All humanity is now involved in a great controversy between Christ and Satan regarding the character of God, His law, and His sovereignty over the universe. This conflict originated in heaven when a created being, endowed with freedom of choice, in self-exaltation became Satan, God’s adversary, and led into rebellion a portion of the angels. He introduced the spirit of rebellion into this world when he led Adam and Eve into sin. This human sin resulted in the distortion of the image of God in humanity, the disordering of the created world, and its eventual devastation at the time of the worldwide flood, as presented in the historical account of Genesis 1-11. Observed by the whole creation, this world became the arena of the universal conflict, out of which the God of love will ultimately be vindicated. To assist His people in this controversy, Christ sends the Holy Spirit and the loyal angels to guide, protect, and sustain them in the way of salvation. (Gen. 3; 6-8; Job 1:6-12; Isa. 14:12-14; Ezek. 28:12-18; Rom. 1:19-32; 3:4; 5:12-21; 8:19-22; 1 Cor. 4:9; Heb. 1:14; 1 Peter 5:8; 2 Peter 3:6; Rev. 12:4-9. (Rev. 12:4-9; Isa. 14:12-14; Eze. 28:12-18; Gen. 3; Rom. 1:19-32; 5:12-21; 8:19-22; Gen. 6-8; 2 Peter 3:6; 1 Cor. 4:9; Heb. 1:14.)
Aside from the re-arrangement of the biblical texts, the major change in this fundamental was the addition of a sentence that could have been placed in FB6, “as presented in the historical account of Genesis 1-11.” I understand that there were two reasons for placing the statement here instead. First, it is the only place in the 28 FBs where the Flood is mentioned. Second, since this fundamental also mentions creation, it made it possible to reference Genesis 1-11 as a whole and not just the chapters related to the Flood. While many scholars have questioned whether the primary intention of Genesis 1-11 is history, this sentence certainly expresses how the average Seventh-day Adventist views these chapters.
This statement opens with the phrase “all humanity,” but that by itself is open to misunderstanding. The entire universe is involved in the great controversy and is affected by its outcome (Col 1:20; Eph 1:9-10; Rev 12:7-10), as the sentences that follow in the statement make clear. The ultimate outcome of the controversy is the vindication of God’s character of love. The statement leaves ambiguous, however, just how or by whom God’s love is vindicated. It is interesting that while the worldwide flood is mentioned here, the cross is not! From the Adventist perspective, the cross is more about theodicy (vindicating the character of God or defending God’s reputation) than it is about soteriology (how people get saved). Recent scholarship affirms that even Romans and Galatians are more about God and His character than what Luther saw in them, a revelation of how we get saved.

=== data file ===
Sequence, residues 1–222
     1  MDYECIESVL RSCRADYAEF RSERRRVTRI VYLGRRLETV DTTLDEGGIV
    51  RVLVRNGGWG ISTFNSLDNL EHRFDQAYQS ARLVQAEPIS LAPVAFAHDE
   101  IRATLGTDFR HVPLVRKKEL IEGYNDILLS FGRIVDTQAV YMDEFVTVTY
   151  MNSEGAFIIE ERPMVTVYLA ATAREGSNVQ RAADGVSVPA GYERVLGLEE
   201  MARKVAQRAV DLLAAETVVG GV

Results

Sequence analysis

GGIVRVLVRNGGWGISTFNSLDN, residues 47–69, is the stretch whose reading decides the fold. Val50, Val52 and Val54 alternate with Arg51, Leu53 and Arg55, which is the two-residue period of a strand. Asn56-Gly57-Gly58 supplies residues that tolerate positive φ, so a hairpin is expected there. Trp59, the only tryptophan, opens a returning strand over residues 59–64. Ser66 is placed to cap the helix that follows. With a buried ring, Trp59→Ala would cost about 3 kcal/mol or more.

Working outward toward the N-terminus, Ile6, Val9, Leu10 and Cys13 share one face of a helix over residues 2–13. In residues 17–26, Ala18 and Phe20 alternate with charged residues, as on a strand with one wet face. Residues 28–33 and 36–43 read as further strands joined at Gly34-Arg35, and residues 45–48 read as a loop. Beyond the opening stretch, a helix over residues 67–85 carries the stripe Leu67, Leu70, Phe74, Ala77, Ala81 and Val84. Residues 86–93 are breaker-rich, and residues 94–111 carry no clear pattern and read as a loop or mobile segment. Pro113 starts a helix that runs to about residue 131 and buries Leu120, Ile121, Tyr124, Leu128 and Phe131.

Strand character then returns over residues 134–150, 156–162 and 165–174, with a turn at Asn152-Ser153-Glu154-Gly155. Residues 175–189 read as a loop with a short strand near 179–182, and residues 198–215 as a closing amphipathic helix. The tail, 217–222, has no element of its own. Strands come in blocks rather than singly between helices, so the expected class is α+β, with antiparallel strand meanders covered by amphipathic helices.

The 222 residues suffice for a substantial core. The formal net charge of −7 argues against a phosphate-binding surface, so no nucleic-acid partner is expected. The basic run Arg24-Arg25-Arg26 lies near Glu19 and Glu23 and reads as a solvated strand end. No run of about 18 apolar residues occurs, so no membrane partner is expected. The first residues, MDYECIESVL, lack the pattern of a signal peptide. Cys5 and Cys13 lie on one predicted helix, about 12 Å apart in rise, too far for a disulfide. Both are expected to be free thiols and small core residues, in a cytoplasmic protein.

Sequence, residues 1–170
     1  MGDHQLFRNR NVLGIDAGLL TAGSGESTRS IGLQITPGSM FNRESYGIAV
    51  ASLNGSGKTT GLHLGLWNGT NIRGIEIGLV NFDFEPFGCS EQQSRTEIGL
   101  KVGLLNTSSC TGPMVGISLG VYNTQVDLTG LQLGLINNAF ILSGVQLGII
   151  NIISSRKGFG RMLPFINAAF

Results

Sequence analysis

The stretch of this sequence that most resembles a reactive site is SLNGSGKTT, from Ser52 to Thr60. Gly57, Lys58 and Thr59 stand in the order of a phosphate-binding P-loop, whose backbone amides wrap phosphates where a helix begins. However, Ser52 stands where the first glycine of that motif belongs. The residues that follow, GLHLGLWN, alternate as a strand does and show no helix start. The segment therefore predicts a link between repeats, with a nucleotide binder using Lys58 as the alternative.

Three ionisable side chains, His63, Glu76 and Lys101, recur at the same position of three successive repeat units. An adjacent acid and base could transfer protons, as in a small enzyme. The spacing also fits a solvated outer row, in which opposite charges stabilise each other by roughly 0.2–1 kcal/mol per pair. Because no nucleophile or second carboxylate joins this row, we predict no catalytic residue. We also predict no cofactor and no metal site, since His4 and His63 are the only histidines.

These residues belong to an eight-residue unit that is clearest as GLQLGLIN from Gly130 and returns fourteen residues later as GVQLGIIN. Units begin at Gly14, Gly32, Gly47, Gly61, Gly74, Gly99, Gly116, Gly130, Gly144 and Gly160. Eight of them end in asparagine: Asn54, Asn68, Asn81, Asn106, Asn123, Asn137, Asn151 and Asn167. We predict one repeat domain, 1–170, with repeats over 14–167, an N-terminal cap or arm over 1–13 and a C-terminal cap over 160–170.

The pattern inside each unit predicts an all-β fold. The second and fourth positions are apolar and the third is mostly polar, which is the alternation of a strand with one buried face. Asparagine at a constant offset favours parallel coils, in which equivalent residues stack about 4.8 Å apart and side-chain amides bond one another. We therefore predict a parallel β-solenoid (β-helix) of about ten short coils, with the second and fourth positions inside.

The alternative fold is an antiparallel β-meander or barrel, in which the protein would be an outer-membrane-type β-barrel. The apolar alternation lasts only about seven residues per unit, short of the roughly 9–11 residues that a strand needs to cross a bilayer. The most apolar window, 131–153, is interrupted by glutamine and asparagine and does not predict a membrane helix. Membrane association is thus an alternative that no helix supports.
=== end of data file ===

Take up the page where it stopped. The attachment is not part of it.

A key text upon which this statement is based is Revelation 12. At first glance Revelation 12 seems to be about a war against aggression and rebellion. How do you reconcile the self-sacrifice of the cross with such an aggressive story? A closer look at Revelation 12 makes clear that the battle language there is metaphorical. It is not a war fought with tanks and planes and guns, the great controversy is a war of words. The tail of the dragon (Rev 12:4) reminds the reader of prophets telling lies (Isa 9:15). The ancient serpent of 12:9 recalls the Garden of Eden where the serpent spewed out deceptive words (Gen 3:1-6). The method of the dragon’s attack in heaven is to accuse the “brethren” (Rev 12:10). And he is overcome by “the word of their testimony” (Rev 12:11). The battle language is the metaphorical backdrop to a war of words.
A Loma Linda perspective on this Fundamental focuses on the picture of God that human beings hold. God is not the kind of person His enemies have made Him out to be. He is not arbitrary, vengeful, unforgiving and severe. Instead He is both infinitely powerful and infinitely gracious. Not everything that religion says about God is true and some of the things even Christian religion says about God make Him look bad in the eyes of the world. God is often portrayed with a character more like that of Satan. So a major theme in Adventist evangelism is that everyone, including Christians, need to critique their own religion. Human beings do not, by nature, gravitate to an accurate picture of God. And if all who want to know God are willing to exchange what they think they know for truth, it will bring us all closer together.